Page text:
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Houston Office Market, CBD Experiencing a Renaissance

Capitol Tower, one of the more renown office projects in Houston's CBD, will feature a 24,000-square-foot rooftop courtyard.

In recent months, a renaissance in the Houston’s urban core, paired with a flight to quality and focus on sustainable design, has created a perfect storm for the metro’s office sector.

This revival has been combined with a renewed focus on living and working in Houston’s Central Business District (CBD), which has simultaneously driven a resurgence in both retail and mixed-use developments.

Matt Damborsky, Skanska USA

Matt Damborsky, Skanska USA

Downtown Houston’s burgeoning multifamily market is one of the key drivers in Class A office development. Since 2013, downtown Houston has seen 3,355 new multifamily units hit the market. And according to industry estimates from the midway point of 2017, the multifamily market will continue to grow significantly — as much as 40 percent — by the end of this year.

These trends, paired with a 6 percent increase in construction of new hotels, have created greater demand in the marketplace for mixed-use developments that offer diverse tenant mixes, including high-end retail and dining options.

A Flight to Quality

These shifting preferences among residents and employees within the city’s urban core has prompted a flight to high-quality, modern and energy-efficient buildings, as more tenants look for office space in Class A developments that boast top-of-the-line amenities.

Over the last year, Houston’s trophy office buildings have captured 64 percent of deals larger than 20,000 square feet, despite accounting for  only 36 percent of the market’s total inventory.

Although CBD trophy buildings command rents that are on average 28.8 percent higher than those of office properties in other submarkets, recent transaction trends show that tenants are taking advantage of lower net effective rates in higher-quality spaces.

In fact, the leasing activity for assets built or renovated between the years 2000 and 2017 has been 92 percent higher than that of older developments, according to data from industry sources.

Earlier this year, Charlotte-based Bank of America announced plans to leave its namesake tower in Houston’s CBD and consolidate its market footprint. This move came on the heels of the firm’s signing of a 210,000 square-foot lease to anchor the nearby Capitol Tower, a 35-story, 754,000-square-foot office development. Construction of this building, which also welcomed Quantum Energy to its tenant roster with a 32,000-square-foot lease in late November, is expected to be complete by 2019.

Bank of America’s deal for this  Class A property represents just one example of how amenity-rich office buildings with ground-floor retail are garnering the greatest interest and leasing activity from prospective tenants.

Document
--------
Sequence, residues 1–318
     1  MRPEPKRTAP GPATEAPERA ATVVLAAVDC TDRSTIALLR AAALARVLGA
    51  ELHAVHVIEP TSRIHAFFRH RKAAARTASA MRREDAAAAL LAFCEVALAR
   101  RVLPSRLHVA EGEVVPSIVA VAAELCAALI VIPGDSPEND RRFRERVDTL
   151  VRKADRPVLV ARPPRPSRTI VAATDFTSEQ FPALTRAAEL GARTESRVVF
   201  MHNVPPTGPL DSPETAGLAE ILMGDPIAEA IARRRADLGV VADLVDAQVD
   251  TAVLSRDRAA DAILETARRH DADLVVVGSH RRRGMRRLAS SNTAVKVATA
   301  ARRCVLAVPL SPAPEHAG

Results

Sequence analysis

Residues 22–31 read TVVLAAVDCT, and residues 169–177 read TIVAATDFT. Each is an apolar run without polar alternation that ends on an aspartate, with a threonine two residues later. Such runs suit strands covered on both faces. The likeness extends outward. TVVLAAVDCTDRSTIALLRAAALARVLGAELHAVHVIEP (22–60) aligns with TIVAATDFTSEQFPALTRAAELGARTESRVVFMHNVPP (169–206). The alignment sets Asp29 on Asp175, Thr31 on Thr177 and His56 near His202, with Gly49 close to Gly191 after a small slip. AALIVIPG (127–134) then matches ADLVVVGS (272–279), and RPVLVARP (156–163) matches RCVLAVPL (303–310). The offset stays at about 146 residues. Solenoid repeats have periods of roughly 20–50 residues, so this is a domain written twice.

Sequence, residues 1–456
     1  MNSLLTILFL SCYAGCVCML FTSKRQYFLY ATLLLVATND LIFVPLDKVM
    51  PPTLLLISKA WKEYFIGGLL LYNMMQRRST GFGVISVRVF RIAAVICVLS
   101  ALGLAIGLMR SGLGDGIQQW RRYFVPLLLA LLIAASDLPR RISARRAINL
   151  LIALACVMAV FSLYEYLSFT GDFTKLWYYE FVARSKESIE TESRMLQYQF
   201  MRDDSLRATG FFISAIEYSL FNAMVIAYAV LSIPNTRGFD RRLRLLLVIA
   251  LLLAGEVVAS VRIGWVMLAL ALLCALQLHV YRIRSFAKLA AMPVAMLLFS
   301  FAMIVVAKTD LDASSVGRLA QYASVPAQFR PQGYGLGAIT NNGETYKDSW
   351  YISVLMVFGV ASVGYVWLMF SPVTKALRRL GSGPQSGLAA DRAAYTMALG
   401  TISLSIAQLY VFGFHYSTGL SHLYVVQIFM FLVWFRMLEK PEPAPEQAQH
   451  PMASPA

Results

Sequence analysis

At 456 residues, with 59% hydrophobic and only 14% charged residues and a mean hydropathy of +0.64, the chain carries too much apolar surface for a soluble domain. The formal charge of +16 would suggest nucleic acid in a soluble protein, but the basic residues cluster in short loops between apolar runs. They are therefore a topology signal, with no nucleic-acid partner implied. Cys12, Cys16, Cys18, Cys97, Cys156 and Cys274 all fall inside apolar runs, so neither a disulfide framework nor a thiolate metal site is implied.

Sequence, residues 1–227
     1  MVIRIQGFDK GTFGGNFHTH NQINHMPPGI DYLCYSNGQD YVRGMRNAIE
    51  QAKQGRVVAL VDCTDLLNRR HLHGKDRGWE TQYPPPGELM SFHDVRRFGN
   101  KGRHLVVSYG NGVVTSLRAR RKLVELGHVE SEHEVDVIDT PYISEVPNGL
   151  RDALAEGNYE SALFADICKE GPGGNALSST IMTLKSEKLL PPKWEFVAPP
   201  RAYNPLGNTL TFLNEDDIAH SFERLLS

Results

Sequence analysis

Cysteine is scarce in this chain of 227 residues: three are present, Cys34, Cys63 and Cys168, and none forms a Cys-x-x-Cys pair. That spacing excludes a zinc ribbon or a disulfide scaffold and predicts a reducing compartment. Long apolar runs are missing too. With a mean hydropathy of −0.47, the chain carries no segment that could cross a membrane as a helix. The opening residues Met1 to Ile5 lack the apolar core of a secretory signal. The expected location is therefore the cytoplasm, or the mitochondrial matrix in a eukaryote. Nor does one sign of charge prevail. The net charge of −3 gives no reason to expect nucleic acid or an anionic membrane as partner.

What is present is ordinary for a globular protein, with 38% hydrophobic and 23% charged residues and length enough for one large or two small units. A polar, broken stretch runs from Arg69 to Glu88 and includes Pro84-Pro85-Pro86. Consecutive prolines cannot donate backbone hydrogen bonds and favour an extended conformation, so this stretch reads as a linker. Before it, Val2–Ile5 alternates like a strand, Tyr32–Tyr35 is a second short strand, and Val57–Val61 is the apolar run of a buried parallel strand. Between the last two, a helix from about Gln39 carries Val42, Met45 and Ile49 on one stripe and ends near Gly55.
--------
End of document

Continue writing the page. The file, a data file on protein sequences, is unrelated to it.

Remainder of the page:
A Leader in Sustainability

In 2017, Houston ranked among the top five cities nationwide in terms of its volume of green office space. For some, this comes as no surprise, considering that certified green buildings accounted for 53 percent of the city’s overall office inventory at the end of 2016.

These figures speak to yet another emerging trend among office-users in Houston — they are increasingly looking for office product in sustainable spaces. As a result of this trend, those consumers are beginning to see a number of new benefits, including  the establishment of a healthier work environment, as well as better overall energy efficiency and higher cost savings.

Earlier this year, Houston’s Energy Corridor gained its first LEED Platinum office campus with the certification of the building at West Memorial Place. Designed by Atlanta-based architectural firm HOK, the two-tower development includes sustainable features such as waste diversion and energy recovery, and consumes 30 percent less energy than typical office buildings of it size.

As more tenants seek office space in new, sustainable buildings, developers in Houston are looking for innovative ways to implement green amenities in building design, including the introduction of parks and urban green spaces. At the aforementioned Capitol Tower development — considered by many to be the CBD’s latest trophy asset  — this came in the form of a sustainable SkyPark.

The 24,000-square-foot rooftop greenspace and courtyard is available to all building tenants and is irrigated by a 50,000-gallon rainwater harvest cistern. In addition to promoting efficient use of resources, the Skypark serves as a symbol of the emerging trends that are shaping influential preferences among Houston’s office users.

Final Thoughts

As oil prices — which at the time of this writing were trading between $55 and $60 per barrel, according to NASDAQ — continue to stabilize during the new year, Houston’s office-using tenants will continue to seek amenity-rich, flexible office environments where they can grow and thrive.

Based on these prevailing consumer and macroeconomic patterns, we expect to see strong investment in Houston’s office market, particularly in its Class A assets, throughout the course of 2018.

— By Matt Damborsky, executive vice president, Skanska USA. This article first appeared in the January 2018 issue of Texas Real Estate Business magazine. 

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